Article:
So one of our readers asked us this question the other day: What would have happened to Oil if humans had never drilled it? Does it become a rock if left alone? Become a gas that bubbles though the cracks to the surface? or has not enough time passed yet to say? Also, what happens to the earth now that you’ve drilled everything out?
Buried hydrocarbons work their way through the carbon cycle in one of two ways:
A – They may find their way to the surface, either through the joint action of uplift and erosion or natural oil/gas seeps. In this case, they get oxydized and converted to CO2 by specialized microbes. Some of these seeps support rich faunas of specialized microbes living complex often symbiotic relationships with methane consuming microbes.
B – They get buried at progressively deeper levels until they reach temperature conditions where they become unstable. Throughout that burial process, they will convert to progressively shorter carbon chains through a process called thermal maturation. At maximal maturity, hydrocarbons are mostly stored as single-carbon bearing molecules (methane). Beyond the thermal stability of methane, the molecule will convert to inert carbon (graphite) and release hydrogen which usually at those depths and pressures binds to oxygen and forms water or hydroxide.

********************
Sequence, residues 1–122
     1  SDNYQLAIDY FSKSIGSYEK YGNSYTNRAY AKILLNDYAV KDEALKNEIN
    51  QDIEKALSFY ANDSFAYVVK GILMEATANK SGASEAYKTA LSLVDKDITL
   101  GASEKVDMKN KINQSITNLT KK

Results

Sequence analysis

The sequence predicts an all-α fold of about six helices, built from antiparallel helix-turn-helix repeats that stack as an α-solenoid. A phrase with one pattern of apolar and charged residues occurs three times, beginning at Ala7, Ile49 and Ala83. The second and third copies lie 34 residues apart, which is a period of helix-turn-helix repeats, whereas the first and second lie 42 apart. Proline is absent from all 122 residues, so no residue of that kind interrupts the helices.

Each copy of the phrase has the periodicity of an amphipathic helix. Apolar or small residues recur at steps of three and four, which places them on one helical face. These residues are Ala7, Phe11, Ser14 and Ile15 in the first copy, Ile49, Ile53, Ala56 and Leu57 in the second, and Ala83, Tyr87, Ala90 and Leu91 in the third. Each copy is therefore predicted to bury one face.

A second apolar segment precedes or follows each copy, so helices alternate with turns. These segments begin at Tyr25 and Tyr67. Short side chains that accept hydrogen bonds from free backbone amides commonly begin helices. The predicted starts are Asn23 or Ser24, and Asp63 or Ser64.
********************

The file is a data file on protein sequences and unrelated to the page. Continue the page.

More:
The carbon cycle through the crust of the earth is a dynamic process which never really stops, albeit its progress rates seems insufferably slow at the scale of human lives.
Interestingly oil actually moves quite quickly. Some estimates put natural movement at up to 1m/year with natural buoyant forces. It’s just that they get trapped pretty easily too so they end up sitting still most of the time.
Now to answer the second part of your question, What happens to the earth now that you’ve drilled everything out?
Only a fraction of the hydrocarbons in place is recoverable, and they occupy pore space in their host-rock, not unlike water filling the voids of a sponge (albeit wet sand might be a better analogue). It is not unusual nowadays to pump steam or water behind the hydrocarbons to assist their progress towards an extraction well, so those fluids would then replace the hydrocarbons in the pore space after migration, not unlike pushing at the back of a tube of toothpaste to get the most out.
That being said, if there is no fluid substitution, the pore space may collapse onto itself, not so much as a sink hole crashing down but more in a manner similar to an over-exploited aquifer. Regional subsidence rates in the order of 400 mm/year were measured in the St-Joaquim Valley, and of 300 mm/year were measured over oilfields in the Yellow river delta.